Consider the following inventory policy for the certain product. If the demand during a period exceeds the number of items available, this unsatisfied demand is backlogged; i.e., it is filled when the next order is received. Let Zn (n = 0, 1, . . .) denote the amount of inventory on hand minus the number of units backlogged before ordering at the end of period n (Z0 = 0). If Zn is zero or positive, no orders are backlogged. If Zn is negative, then Zn represents the number of backlogged units and no inventory is on hand. At the end of period n, if Zn < 1, an order is placed for 2m units, where m is the smallest integer such that Zn + 2m > 1. Orders are filled immediately.
Let D1, D2, . . . , be the demand for the product in periods 1,
2, . . . , respectively. Assume that the Ds are independent and identically distributed random variables taking on the values, 0, 1, 2, 3, 4, each with probability 1/5. Let Xn denote the amount of stock on hand after ordering at the end of period n (where X0 = 2), so that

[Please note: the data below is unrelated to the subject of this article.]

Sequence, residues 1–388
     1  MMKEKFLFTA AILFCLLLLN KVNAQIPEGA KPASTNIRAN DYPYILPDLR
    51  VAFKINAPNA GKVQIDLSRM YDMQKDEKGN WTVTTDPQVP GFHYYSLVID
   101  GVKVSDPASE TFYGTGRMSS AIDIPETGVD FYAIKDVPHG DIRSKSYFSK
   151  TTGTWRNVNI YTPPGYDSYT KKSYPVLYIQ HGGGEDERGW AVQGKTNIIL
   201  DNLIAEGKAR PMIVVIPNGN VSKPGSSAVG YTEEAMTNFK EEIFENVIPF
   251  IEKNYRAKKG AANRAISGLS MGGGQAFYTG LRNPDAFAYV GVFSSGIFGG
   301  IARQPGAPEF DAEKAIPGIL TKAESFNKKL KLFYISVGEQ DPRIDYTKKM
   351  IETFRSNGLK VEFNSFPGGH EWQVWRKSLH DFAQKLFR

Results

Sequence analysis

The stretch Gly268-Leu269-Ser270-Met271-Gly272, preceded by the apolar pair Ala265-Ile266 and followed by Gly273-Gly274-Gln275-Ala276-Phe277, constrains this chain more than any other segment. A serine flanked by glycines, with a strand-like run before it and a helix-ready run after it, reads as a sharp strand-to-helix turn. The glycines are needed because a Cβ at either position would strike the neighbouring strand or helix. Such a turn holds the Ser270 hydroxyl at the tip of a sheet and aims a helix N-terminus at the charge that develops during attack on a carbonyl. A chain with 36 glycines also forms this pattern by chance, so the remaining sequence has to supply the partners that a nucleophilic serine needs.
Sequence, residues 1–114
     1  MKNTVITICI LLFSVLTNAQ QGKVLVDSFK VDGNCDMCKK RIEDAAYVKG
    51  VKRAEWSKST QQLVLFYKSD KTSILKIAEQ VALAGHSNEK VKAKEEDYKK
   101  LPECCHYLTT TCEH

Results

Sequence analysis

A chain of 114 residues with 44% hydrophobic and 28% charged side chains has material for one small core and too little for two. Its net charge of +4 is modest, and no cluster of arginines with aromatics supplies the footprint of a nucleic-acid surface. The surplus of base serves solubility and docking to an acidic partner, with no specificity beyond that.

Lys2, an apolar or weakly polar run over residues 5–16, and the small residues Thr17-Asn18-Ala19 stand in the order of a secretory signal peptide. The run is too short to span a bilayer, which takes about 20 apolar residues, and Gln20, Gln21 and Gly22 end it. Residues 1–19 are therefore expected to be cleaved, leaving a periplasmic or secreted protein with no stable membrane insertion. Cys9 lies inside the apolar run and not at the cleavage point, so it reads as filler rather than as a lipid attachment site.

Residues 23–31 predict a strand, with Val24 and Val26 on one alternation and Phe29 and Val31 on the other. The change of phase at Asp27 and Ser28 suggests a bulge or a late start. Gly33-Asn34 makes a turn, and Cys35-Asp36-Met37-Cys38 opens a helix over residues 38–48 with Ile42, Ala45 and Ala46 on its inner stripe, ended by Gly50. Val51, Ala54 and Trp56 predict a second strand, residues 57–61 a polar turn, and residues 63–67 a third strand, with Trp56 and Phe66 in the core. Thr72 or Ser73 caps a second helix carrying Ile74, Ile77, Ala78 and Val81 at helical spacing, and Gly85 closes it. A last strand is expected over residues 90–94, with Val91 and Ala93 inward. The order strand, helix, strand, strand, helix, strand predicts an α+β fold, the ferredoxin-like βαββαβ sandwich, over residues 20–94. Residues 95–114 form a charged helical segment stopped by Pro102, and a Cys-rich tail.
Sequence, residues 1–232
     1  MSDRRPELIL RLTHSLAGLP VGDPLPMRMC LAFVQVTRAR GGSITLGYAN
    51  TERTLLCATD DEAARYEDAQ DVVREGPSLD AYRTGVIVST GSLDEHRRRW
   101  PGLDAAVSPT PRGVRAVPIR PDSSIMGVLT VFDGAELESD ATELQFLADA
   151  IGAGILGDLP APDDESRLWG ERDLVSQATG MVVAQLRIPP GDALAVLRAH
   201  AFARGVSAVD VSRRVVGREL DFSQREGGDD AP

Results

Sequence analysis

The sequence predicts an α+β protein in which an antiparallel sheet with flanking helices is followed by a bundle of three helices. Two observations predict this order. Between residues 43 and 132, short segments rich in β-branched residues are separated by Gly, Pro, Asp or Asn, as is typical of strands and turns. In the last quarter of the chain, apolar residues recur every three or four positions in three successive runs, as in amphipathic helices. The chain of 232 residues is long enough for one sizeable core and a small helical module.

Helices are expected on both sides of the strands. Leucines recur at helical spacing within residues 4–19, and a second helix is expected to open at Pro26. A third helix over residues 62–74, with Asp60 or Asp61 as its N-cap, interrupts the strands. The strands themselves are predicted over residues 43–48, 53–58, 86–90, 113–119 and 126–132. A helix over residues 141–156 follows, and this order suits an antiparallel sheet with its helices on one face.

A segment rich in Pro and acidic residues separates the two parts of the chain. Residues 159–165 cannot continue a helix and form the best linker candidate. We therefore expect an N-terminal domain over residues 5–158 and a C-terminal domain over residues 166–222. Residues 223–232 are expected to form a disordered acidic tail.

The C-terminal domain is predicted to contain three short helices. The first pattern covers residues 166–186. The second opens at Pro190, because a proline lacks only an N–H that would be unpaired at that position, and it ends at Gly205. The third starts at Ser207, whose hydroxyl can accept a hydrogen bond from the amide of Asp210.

When {Xn} (n = 0, 1, . . .) is a Markov chain. It has only two states, 1 and 2, because the only time that ordering will take place is when Zn = 0, 1, 2, or 3, in which case 2, 2, 4, and 4 units are ordered, respectively, leaving Xn = 2, 1, 2, 1, respectively.
(a) Construct the (one-step) transition matrix.
(b) Use the steady-state equations to solve manually for the steady state probabilities.
(c) Now use the result given in Prob. 29.5-2 to find the steady state probabilities.
(d) Suppose that the ordering cost is given by (2 + 2m) if an order is placed and zero otherwise. The holding cost per period is Zn if Zn > 0 and zero otherwise. The shortage cost per period is 4Zn if Zn 0 and zero otherwise. Find the (long-run) expected average cost per unit time.

  • CreatedSeptember 22, 2015
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